Whether the scrum surrounding the alleged targeting of conservative groups by the IRS is the next Watergate or simply one of many “phony” scandals depends largely on one’s political persuasion. Regardless, in an editorial on Wednesday, The Wall Street Journal reported on a new wrinkle that involves the SEC, and had a clear bias towards believing the charges.
“Senior Republicans on the House Oversight Committee recently wrote to new SEC Chairman Mary Jo White to report on disturbing events that occurred under her predecessor [Mary Schapiro], and to request agency documents,” the paper said.
Reps. Darrell Issa, R-Calif.; Jim Jordan, R-Ohio; and Patrick McHenry, R-N.C., say that documents they already have “indicate that the SEC has been under immense pressure from elected officials and special interest groups as part of a government-wide effort to stifle political speech.” They further note that the pressure has largely succeeded in “moving the commission closer to using its authority to regulate public securities markets as a backdoor way to limit the political speech of the same types of groups targeted by the IRS.”
One way to discourage groups critical of the government is for the IRS to sit on their applications for tax-exempt status while applying the normal review process to groups friendly to the White House, The Journal noted.
Another way is to have the SEC discourage public companies from supporting independent organizations, “while applying no such regulation to labor unions.
“Corporations tend to support groups on both the left and the right, whereas unions are more reliably liberal. If businesses are limited in the public debate, it’s a big win for Democrats.”
Last year, politicians like then-Rep. Barney Frank, D-Mass., and liberal tax-exempt groups like Public Citizen were encouraging the SEC to demand more disclosure from public companies about the organizations they supported, according to The Journal. The staff for Frank specifically told the SEC that there was “particular interest in what the authority is for disclosure of 501(c)(4) contributions (political contributions).” Frank’s staff also noted that the interest was coming from the House Democratic leadership.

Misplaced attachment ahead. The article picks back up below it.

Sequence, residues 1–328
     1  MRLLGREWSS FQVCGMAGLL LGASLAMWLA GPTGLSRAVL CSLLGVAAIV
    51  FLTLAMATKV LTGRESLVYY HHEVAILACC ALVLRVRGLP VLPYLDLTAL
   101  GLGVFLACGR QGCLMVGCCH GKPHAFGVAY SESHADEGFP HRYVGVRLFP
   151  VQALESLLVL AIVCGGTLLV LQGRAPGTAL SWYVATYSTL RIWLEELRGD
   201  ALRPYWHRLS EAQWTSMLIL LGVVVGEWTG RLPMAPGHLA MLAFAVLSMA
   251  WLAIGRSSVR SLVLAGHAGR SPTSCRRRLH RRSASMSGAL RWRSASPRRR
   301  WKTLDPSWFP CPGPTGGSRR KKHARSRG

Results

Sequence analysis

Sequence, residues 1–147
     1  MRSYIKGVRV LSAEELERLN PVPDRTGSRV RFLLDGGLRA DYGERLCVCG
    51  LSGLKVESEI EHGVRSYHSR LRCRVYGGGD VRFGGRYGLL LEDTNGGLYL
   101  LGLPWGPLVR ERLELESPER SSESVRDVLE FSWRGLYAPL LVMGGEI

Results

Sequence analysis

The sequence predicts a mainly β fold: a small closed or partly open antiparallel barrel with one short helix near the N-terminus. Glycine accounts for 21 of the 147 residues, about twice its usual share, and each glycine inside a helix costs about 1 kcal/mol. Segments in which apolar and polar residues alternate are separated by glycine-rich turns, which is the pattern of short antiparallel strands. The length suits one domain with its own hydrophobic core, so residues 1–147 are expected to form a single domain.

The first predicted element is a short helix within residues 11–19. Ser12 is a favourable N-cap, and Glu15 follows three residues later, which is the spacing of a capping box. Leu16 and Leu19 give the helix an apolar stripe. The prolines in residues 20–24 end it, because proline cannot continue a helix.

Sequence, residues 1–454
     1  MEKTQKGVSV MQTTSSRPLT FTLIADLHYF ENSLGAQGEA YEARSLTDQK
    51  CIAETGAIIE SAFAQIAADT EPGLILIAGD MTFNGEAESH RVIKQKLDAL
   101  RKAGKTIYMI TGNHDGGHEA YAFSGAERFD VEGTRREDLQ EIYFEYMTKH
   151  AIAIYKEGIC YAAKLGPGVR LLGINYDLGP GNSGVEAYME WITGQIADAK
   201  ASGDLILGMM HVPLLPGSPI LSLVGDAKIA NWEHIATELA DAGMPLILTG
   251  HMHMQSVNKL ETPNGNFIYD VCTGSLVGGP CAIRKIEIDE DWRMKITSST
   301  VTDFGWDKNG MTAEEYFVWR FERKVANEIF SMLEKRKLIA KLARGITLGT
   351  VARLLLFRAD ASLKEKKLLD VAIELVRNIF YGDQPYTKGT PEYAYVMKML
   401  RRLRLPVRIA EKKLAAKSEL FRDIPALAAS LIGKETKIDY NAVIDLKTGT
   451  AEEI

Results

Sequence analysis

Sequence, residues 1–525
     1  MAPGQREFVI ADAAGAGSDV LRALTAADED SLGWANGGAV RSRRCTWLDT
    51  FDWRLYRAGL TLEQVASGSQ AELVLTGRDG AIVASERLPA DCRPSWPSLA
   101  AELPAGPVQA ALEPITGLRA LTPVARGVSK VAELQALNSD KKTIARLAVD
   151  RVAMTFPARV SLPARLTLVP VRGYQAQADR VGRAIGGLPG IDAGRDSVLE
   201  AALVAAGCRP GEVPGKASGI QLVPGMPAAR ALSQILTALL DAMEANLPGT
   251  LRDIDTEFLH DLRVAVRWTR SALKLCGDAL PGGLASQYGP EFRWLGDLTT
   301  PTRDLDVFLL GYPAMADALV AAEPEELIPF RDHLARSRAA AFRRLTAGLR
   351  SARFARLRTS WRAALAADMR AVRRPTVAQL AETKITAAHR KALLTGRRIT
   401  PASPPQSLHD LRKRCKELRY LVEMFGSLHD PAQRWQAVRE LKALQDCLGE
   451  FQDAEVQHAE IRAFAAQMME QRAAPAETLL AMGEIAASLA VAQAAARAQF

A former Democratic congressman, unnamed in a memorandum accompanying the Issa letter, was asked by Schapiro why this wasn’t a job for the Federal Election Commission. The former pol responded, “because the FEC is even more broken than you,” according to a May 2012 email sent by the deputy director of the SEC’s division of corporation finance.
The Journal said that the SEC staff “pushed back,” pointing out that it’s not their job to regulate political speech. An SEC official cautioned in one email about “how well it goes when the securities laws are used for social and political causes.” The staff also noted the difficulty of taking on a new discretionary campaign given all the mandated but still unfinished rules they were required to write under the Dodd-Frank and JOBS Acts. But Democratic SEC commissioners Luis Aguilar and Elisse Walter continued to advocate new rules on political activity, The Journal said.
“By the end of last year they had persuaded Ms. Schapiro to include the issue on the SEC’s regulatory agenda,” the paper concluded. “Ms. White, the current chairman, can go a long way toward restoring the reputation of the SEC as a serious and apolitical regulator by deep-sixing this political assault masquerading as transparency.”
Check out SEC, FINRA Enforcement: Ex-Marine Charged With Bilking Fellow Servicemembers on ThinkAdvisor.